State of the World's Minorities and Indigenous Peoples 2009 - Egypt
|Publisher||Minority Rights Group International|
|Publication Date||16 July 2009|
|Cite as||Minority Rights Group International, State of the World's Minorities and Indigenous Peoples 2009 - Egypt, 16 July 2009, available at: http://www.refworld.org/docid/4a66d9b821.html [accessed 21 April 2014]|
|Disclaimer||This is not a UNHCR publication. UNHCR is not responsible for, nor does it necessarily endorse, its content. Any views expressed are solely those of the author or publisher and do not necessarily reflect those of UNHCR, the United Nations or its Member States.|
The year began badly in Egypt for the minority Coptic Christians who make up about 10 per cent of the population. An attack on a monastery in January was followed by another assault in May when monks were kidnapped, whipped and beaten according to the New York Times (2 August 2008). In response, Egypt's security officials said that this was a 'singular incident' and not to do with wider inter-faith hostility in the country. But according to both Human Rights Watch and Amnesty International, discrimination against Egyptian Christians and official intolerance of Baha'is and some Muslim sects continues.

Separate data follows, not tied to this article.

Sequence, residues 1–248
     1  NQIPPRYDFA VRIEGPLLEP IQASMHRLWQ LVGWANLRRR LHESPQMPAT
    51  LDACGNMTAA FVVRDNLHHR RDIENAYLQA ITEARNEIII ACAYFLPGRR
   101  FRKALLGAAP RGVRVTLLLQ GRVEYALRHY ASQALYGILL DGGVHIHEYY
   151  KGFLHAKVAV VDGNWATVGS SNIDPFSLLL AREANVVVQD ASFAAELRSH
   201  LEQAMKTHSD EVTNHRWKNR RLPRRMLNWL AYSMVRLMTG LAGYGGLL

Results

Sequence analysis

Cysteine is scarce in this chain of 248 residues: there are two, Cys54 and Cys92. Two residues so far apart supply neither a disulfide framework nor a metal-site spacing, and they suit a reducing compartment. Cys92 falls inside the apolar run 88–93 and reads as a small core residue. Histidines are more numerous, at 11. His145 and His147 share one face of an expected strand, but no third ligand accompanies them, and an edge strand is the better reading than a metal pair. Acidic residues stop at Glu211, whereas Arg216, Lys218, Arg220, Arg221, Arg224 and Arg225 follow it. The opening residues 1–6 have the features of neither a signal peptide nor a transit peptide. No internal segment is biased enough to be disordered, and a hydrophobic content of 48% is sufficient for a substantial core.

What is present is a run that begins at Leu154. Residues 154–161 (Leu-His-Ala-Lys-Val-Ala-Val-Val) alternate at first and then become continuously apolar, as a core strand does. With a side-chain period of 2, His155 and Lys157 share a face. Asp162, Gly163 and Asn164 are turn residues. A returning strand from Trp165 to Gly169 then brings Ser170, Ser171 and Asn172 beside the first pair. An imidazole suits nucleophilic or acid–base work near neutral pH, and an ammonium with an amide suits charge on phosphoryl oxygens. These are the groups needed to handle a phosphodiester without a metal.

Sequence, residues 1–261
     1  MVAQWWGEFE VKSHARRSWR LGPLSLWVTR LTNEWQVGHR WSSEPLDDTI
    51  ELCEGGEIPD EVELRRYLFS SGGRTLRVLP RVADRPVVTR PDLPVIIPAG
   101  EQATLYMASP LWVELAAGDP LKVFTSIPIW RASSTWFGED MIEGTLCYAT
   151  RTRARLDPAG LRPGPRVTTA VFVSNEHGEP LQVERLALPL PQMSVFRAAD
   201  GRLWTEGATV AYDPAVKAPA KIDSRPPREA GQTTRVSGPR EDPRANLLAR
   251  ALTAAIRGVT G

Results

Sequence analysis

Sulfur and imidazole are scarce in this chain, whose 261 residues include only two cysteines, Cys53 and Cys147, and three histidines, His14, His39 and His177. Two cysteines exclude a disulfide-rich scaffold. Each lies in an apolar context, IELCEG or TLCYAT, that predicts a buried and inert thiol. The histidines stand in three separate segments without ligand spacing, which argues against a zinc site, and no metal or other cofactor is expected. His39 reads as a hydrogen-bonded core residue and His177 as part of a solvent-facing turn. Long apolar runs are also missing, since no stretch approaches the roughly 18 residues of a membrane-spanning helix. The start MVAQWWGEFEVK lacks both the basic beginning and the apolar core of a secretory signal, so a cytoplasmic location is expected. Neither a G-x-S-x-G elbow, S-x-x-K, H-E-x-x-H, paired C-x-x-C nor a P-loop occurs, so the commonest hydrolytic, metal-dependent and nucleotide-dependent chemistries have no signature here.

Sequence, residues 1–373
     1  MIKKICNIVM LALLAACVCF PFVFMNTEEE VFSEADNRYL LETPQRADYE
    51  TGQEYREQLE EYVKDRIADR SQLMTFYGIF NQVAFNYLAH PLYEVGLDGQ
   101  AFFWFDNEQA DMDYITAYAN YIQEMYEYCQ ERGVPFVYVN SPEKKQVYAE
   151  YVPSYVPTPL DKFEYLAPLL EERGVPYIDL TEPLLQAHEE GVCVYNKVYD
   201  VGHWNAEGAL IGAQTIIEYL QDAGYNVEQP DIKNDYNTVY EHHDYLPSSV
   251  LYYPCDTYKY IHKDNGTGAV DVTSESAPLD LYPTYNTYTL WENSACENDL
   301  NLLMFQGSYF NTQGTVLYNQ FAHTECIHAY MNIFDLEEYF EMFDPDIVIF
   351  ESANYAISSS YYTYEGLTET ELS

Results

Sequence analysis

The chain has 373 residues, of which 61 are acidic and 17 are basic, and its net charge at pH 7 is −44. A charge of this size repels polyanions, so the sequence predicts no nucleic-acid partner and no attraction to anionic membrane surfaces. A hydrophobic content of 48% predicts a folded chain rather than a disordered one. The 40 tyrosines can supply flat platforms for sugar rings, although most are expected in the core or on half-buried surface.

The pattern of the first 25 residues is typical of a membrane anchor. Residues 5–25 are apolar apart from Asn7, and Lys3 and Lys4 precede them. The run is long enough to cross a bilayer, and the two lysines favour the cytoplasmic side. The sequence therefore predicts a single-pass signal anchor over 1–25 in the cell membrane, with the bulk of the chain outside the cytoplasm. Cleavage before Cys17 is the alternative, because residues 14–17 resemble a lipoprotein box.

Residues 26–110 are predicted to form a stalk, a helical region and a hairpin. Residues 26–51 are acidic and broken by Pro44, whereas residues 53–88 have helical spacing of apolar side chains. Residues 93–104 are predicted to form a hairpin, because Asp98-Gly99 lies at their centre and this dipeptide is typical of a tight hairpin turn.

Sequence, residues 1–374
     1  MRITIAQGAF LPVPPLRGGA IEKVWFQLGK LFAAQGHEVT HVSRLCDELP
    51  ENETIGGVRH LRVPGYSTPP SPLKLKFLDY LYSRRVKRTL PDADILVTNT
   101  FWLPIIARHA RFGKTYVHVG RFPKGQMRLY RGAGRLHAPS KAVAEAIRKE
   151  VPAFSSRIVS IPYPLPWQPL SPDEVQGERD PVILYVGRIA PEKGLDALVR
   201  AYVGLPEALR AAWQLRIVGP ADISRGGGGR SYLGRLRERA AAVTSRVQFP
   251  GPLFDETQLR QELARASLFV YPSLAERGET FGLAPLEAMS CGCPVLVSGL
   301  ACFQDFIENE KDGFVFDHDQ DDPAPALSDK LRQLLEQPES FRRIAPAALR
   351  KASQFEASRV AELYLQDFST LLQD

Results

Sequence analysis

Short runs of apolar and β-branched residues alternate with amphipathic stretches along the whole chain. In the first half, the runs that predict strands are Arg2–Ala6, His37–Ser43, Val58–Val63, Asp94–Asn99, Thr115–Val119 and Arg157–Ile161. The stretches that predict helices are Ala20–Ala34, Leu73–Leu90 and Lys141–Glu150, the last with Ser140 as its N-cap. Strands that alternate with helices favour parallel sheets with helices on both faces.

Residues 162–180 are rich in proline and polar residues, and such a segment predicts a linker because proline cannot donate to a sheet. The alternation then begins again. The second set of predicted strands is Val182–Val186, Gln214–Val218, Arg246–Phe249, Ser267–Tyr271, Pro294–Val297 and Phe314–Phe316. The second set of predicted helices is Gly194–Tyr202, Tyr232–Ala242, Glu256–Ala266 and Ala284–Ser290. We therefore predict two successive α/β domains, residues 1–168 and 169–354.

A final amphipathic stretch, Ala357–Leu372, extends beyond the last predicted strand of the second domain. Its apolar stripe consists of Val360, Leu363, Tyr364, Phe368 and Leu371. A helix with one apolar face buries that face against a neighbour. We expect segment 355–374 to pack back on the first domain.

IRIN reported on the dire circumstances of the 30,000 Bedouin in the Sinai peninsula. They are no longer able to earn an income from their livestock and are forced to work on the rubbish tips of Sharm Al-Sheikh to survive.
Border issues also continued. Egypt refused to allow officials of the UNHCR access to a group of 91 Eritreans, Sudanese, and Somalis, whom Israel returned in August 2008, and to a prior group of 48 whom Israel returned in August 2007. In April 2008 Egypt forcibly returned 49 Sudanese men and boys, including 11 refugees and asylum seekers, to southern Sudan, where authorities detained them for four months. In June Egypt forcibly returned at least 740 Eritreans, including women and children, without allowing UNHCR access to them. They are allegedly detained at a military jail and are at risk of torture and ill-treatment.
Egypt has a good track record in education compared to many African countries, with net primary school enrolment exceeding 94 per cent, according to UNICEF. However, not all regions are equal – the poorer parts of the country, such as Upper Egypt, lag behind the rest of the country's progress.